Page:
Showing posts from March, 2022

Sustainable solutions to Human-Elephant conflict: a coproductionist approach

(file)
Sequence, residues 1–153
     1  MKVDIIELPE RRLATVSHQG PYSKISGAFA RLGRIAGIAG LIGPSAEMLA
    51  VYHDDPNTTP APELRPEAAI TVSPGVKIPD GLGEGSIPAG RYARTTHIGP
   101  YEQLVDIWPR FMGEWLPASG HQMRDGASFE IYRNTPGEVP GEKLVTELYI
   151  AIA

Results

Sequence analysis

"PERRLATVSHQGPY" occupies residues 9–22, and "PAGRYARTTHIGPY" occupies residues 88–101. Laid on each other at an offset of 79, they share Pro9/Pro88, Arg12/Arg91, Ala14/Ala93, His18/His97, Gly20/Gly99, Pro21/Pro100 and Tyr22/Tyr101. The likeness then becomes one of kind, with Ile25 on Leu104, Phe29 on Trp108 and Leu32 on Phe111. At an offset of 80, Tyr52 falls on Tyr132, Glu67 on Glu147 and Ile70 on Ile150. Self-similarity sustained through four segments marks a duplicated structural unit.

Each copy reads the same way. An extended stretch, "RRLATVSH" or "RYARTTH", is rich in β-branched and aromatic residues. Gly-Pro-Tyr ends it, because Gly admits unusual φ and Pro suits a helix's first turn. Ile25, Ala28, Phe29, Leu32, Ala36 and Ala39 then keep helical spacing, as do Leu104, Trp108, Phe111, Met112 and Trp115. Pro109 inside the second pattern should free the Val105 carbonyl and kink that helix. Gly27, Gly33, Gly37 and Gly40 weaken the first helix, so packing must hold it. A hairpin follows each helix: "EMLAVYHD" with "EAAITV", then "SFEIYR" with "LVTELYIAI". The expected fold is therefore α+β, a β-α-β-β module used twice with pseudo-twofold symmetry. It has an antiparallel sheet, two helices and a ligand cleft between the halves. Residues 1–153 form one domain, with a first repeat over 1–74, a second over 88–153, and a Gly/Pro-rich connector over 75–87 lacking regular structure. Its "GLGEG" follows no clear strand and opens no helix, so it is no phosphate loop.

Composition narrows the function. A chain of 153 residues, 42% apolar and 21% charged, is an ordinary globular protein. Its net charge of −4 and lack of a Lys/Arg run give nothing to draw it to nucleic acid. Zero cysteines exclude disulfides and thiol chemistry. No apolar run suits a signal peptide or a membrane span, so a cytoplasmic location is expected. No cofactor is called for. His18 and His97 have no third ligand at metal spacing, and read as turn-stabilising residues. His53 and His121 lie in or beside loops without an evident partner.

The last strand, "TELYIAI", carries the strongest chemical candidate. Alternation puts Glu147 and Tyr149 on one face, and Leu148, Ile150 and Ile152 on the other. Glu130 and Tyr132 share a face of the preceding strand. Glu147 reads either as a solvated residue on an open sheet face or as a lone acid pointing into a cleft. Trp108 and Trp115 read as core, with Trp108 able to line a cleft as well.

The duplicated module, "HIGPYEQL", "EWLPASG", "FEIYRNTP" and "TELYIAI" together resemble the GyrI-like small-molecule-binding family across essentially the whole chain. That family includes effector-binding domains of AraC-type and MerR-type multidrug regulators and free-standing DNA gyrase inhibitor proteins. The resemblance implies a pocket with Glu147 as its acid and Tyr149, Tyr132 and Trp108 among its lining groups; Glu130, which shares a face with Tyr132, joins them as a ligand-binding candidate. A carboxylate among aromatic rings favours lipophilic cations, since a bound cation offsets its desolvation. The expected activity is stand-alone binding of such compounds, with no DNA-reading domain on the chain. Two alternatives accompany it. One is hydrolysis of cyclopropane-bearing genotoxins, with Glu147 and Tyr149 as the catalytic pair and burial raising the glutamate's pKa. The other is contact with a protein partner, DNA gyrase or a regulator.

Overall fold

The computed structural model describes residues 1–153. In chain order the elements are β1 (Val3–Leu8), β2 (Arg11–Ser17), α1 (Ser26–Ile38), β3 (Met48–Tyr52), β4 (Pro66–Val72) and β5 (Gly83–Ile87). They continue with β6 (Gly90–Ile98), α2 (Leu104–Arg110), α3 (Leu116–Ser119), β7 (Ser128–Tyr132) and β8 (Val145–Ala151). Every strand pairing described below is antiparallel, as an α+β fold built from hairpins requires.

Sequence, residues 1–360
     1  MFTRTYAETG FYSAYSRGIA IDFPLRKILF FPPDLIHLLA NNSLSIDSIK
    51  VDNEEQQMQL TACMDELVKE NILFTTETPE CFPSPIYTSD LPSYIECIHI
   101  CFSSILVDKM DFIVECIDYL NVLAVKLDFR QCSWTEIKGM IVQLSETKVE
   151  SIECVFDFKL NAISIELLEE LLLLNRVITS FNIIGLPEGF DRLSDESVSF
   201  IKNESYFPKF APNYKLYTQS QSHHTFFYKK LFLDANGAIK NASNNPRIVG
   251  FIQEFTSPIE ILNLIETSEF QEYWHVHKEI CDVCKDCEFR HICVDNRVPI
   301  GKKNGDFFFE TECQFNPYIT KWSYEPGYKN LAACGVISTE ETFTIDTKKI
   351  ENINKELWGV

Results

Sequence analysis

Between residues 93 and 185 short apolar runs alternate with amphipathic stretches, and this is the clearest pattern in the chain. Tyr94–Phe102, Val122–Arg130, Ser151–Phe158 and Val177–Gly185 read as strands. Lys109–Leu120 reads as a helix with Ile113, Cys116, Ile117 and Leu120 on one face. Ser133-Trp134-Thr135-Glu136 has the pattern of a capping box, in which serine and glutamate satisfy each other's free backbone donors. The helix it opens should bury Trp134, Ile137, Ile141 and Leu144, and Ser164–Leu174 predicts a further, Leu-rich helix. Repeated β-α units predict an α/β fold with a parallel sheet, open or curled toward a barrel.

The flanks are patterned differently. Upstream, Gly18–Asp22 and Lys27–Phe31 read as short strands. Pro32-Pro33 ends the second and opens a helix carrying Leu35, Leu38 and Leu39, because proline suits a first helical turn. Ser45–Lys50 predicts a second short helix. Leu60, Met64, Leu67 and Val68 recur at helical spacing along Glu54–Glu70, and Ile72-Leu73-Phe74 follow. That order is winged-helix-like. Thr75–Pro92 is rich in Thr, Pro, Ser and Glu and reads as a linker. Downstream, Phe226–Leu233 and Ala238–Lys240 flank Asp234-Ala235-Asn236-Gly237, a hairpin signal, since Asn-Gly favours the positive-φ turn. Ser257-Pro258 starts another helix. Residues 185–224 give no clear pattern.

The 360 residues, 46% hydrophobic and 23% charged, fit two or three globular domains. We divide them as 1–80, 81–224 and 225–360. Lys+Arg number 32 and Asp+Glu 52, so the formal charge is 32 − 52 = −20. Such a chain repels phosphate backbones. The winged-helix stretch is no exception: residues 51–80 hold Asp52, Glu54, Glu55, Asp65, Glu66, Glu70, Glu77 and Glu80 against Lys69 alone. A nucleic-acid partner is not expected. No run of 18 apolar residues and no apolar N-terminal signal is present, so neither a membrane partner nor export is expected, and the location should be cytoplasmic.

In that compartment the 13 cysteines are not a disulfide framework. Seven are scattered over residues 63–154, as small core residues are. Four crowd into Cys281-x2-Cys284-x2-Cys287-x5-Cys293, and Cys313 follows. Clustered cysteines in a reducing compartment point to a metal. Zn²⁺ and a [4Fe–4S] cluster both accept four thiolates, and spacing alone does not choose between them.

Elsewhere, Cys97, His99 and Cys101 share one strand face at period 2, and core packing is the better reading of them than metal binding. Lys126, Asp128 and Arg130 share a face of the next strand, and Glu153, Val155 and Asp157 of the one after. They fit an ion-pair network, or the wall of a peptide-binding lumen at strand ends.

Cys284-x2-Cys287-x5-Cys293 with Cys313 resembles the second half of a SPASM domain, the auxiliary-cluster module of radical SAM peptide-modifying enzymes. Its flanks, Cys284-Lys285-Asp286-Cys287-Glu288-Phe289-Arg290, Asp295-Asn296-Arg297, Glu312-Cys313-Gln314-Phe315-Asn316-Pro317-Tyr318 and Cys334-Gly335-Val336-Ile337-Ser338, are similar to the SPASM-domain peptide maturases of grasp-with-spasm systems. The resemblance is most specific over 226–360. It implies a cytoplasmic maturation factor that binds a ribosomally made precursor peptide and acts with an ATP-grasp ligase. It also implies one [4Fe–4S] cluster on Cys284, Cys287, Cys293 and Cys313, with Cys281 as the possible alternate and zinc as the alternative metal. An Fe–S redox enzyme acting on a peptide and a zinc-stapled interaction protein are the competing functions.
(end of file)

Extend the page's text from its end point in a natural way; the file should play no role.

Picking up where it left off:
One of the greatest conservation triumphs of the era is an upturn in African elephant populations in several countries. Kenya in particular has seen its elephant population more than double over the last 30 years . After facing heavy threats to the species globally from poaching and habitat lost from human development, conservation scientists are jumping for joy as efforts to increase populations have proved successful in many regions.  There are 3 main species of elephants , most people are familiar with the African and Asian elephant, but the former can actually be split into two genetically different types: the African bush elephant and the smaller African forest elephant. As a keystone species elephants are a vital part of their natural ecosystems. Many plant species depend on forest dwelling elephants to spread their seeds through their digestive system. They also act as gardeners for forest regions, uprooting trees with their trunks and leaving micro ponds with their footsteps wh